When one thinks of an enemy, one should not think of them as less than human. Calling them slurs or railing against them, calling them trash helps to dehumanize them. It makes it easier to harm them. I get it. But it is a mistake.
When we dehumanize our enemies we erode our sense of their capabilities. We convince ourselves by rote comparison that because they are trash, they couldn’t or wouldn’t take a action or make a plan or think a thought. It narrows our view of what is possible and doing so narrows our options to combat them.
An enemy who is thought of as human can be seen as having all of the same complexity as we do. When making plans, one must take into account that there will be counter moves and unanticipated actions. Seeing them as equal to yourself allows for these actions to be at least counted if not accounted for.
Tactically, it is the right course.
But, it is also the correct course for our mental well-being. When we dehumanize, the consequences of our actions ‘in the moment’ become easier. However, when we have time to think later, those mental gymnastics have real world consequences. Either by cutting yourself off from your emotions or by making empathy for your fellow humans much harder.
The best course is to think of everyone as a feeling, thinking, equal person, First. And anything else that they may be second. It’s a hierarchical way of thinking that may be difficult but it helps. Because there is also the flip side. When we contemplate moving against them, we no longer see them in the position or place they are in, rather we see them as human. And humans are fragile.
In the end, thinking of your enemies as human also forces you to think of everyone as human. This helps. In many everyday ways. It also helps to realize that the things we tell ourselves about ourselves and each other have real emotional and rational impact on how we view the world and ourselves. Discounting this leads to underestimation. And the downfall of self.
I noticed this for the first time today. It’s something I knew. But something I just took on faith. That of course that is how I see it. And it’s a pretty simple revelation. If realizing that the thing you thought all along is really the way that you think can be considered revelatory.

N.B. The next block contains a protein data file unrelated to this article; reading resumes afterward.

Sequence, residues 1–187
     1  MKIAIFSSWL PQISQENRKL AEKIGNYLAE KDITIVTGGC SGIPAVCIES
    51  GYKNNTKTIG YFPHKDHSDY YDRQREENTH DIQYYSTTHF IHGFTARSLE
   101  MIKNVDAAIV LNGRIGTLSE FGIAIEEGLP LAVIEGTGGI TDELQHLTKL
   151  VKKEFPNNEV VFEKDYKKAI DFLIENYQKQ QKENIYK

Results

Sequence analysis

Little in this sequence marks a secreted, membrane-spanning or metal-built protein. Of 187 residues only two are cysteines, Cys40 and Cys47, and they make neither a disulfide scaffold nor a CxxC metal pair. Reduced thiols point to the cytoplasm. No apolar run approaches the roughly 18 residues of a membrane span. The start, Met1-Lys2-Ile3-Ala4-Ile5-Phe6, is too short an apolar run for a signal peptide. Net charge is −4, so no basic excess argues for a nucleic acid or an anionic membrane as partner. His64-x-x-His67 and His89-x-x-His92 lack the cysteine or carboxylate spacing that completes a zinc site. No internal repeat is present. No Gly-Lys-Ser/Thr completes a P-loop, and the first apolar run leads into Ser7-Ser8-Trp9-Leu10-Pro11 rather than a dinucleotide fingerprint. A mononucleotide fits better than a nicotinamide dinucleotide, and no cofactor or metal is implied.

So what was it?
Pretty simple. If I am emotionally invested in a person then I just see them. What I mean is this: I notice changes but only so that I can compliment them. I notice changes so that I can cement the image of who they are right now in my heart. But then I discard it. It’s not relevant and on a day to day basis I just see them. If I found them attractive before then I continue to find them attractive. Who they are is the thing I like. Who they are is where my emotional attachment and, as a result, how I perceive them. Why is this just coming to light?
A Acquaintance level 2 and a Friend level 1 both have lost weight recently. Both lost enough to effect their physical appearance. One drastically. But I don’t see it. Or rather it’s not relevant for me to consciencly notice. I saw a side by side comparison of one of them and I thought wow they lost a bunch of weight. But when I see them in person, it doesn’t enter my conscious mind.
So I just don’t see primarily cosmetic differences. I’m happy if they are happy. Who they are hasn’t changed. They are more confident but I always saw them as more than they accepted of themselves. So it’s just good that they are coming to realize that.
I know, it’s odd to see and think like this. What can I say, but that if you are not examining the why’s and how’s of your thinking, then how will you become the self you are trying to be?
For some perverse psychological reason unknown to me whenever one of my relationships ends, I become intensely and nigh continuously turned on. It’s like some gleeful imp in my brain is capering and laughing as the internal tension ratchets up. “Now that you have no outlet,” he barks, “here’s a cauldron full of lust.” My brain is such an asshole.